The Languedoc region of France (known as ‘l’Occitaine’ in modern France) is an ancient land whose history is one of continual feuding, invasion and suppression. But also a land that in its time, particularly during the medieval period, wielded immense power and saw, in the Court of the Counts of Toulouse, one of Europe’s most refined and cultivated dynasties.
Lying in the corridor that leads from the Mediterranean Sea to the Atlantic Ocean, the region was always going to exert a powerful geopolitical presence, and this ribald and often violent past is seen to advantage in some of France’s most memorable towns, built to withstand invaders and proclaim their sovereign power - such as the medieval citadel of Carcassonne, the ‘golden’ city of Toulouse, and Albi with its amazing fortress cathedral.
Today the Occitane identity still remains strongly imbedded in the region, a tough, hardy rural tradition that offers the visitor delightful opportunities to discover a country life that continues today despite modern advances. The countryside is rich and yields fine returns to the farmers, and is characterised by rolling lowland fringed by the stupendous peaks of the Pyrenees mountains to the south and the hills of the Cevennes to the north, still today one of France’s ‘forgotten’ regions.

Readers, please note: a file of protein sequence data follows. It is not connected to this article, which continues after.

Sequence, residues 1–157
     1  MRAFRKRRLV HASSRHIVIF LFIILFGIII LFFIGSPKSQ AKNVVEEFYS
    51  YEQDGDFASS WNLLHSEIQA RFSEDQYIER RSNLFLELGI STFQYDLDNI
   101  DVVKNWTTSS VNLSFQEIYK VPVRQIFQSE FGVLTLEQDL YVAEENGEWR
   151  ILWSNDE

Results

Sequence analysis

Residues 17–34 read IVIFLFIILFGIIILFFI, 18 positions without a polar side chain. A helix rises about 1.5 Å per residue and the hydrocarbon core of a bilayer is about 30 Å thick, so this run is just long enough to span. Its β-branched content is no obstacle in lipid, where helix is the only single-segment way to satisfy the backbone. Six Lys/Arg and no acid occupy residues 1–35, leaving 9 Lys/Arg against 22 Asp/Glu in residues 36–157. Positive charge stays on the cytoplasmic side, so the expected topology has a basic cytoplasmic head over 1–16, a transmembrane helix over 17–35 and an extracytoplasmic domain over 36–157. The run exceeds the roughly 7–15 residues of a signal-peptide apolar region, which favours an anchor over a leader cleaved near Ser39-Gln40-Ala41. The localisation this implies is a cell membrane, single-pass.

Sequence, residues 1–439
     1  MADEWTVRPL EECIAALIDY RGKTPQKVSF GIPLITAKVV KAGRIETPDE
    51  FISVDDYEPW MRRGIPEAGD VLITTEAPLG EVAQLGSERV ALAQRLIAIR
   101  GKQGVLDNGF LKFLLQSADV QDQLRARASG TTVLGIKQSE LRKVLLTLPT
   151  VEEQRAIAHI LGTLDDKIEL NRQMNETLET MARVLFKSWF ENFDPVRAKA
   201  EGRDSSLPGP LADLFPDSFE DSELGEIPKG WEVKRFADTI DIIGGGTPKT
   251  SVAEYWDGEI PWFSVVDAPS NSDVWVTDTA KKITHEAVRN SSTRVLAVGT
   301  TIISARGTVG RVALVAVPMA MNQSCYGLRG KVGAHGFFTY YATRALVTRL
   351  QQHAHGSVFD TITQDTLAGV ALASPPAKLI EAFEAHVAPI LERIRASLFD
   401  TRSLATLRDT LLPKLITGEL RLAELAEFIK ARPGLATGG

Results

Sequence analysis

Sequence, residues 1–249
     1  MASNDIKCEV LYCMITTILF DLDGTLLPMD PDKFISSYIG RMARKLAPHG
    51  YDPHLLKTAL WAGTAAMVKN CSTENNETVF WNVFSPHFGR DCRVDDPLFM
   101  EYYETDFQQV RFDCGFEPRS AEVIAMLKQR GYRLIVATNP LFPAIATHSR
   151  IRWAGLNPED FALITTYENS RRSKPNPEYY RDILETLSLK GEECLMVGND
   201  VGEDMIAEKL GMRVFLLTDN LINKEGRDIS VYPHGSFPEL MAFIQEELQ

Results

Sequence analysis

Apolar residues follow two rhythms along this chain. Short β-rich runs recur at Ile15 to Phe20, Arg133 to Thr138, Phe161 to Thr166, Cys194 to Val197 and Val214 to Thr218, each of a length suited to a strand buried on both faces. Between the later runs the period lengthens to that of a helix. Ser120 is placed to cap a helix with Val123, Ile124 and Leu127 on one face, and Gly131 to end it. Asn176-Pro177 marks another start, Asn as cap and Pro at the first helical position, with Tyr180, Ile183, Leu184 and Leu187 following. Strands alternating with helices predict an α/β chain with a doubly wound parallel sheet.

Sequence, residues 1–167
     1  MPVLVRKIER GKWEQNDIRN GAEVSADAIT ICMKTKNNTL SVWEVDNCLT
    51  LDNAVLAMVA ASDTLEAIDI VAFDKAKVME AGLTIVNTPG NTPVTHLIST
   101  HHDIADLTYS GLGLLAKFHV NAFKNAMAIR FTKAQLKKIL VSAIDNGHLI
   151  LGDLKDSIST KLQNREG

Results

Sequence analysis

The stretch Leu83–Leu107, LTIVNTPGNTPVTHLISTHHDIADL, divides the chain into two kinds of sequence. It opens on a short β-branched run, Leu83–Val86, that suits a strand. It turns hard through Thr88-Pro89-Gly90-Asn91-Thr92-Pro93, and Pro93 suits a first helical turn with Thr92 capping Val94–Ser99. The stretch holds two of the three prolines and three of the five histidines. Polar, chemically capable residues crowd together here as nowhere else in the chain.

This is land rich in a tradition that has not died – far from it, ‘l’Occitaine’ lives day by day in local life, not manicured for tourists but strident, independent and durable, as it has been for so many centuries. Go out and enjoy the tapestry of villages and fortresses – and sample its fine wines that are today the talk of the wine world!
Please contact your Destination Specialist for more information on +44 (0) 1993 824198
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